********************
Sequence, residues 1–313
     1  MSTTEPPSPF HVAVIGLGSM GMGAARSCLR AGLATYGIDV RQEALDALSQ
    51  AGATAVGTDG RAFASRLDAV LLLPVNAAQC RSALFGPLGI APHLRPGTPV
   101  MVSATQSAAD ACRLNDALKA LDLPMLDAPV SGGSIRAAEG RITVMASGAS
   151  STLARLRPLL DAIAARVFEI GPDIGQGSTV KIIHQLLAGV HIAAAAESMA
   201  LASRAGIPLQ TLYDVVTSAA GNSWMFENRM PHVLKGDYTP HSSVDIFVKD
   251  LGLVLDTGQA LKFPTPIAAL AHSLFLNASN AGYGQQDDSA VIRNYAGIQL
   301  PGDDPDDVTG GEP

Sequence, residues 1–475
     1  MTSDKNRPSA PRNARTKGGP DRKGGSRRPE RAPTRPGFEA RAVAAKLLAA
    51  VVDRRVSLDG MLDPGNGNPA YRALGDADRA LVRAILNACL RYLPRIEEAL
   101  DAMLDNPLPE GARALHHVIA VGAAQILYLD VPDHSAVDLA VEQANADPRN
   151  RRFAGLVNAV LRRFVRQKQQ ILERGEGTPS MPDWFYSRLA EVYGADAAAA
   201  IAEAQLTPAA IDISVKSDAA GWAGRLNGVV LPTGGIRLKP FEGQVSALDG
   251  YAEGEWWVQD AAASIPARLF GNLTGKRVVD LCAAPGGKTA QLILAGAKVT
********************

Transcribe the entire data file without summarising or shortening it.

Sequence, residues 1–313
     1  MSTTEPPSPF HVAVIGLGSM GMGAARSCLR AGLATYGIDV RQEALDALSQ
    51  AGATAVGTDG RAFASRLDAV LLLPVNAAQC RSALFGPLGI APHLRPGTPV
   101  MVSATQSAAD ACRLNDALKA LDLPMLDAPV SGGSIRAAEG RITVMASGAS
   151  STLARLRPLL DAIAARVFEI GPDIGQGSTV KIIHQLLAGV HIAAAAESMA
   201  LASRAGIPLQ TLYDVVTSAA GNSWMFENRM PHVLKGDYTP HSSVDIFVKD
   251  LGLVLDTGQA LKFPTPIAAL AHSLFLNASN AGYGQQDDSA VIRNYAGIQL
   301  PGDDPDDVTG GEP

Sequence, residues 1–475
     1  MTSDKNRPSA PRNARTKGGP DRKGGSRRPE RAPTRPGFEA RAVAAKLLAA
    51  VVDRRVSLDG MLDPGNGNPA YRALGDADRA LVRAILNACL RYLPRIEEAL
   101  DAMLDNPLPE GARALHHVIA VGAAQILYLD VPDHSAVDLA VEQANADPRN
   151  RRFAGLVNAV LRRFVRQKQQ ILERGEGTPS MPDWFYSRLA EVYGADAAAA
   201  IAEAQLTPAA IDISVKSDAA GWAGRLNGVV LPTGGIRLKP FEGQVSALDG
   251  YAEGEWWVQD AAASIPARLF GNLTGKRVVD LCAAPGGKTA QLILAGAKVT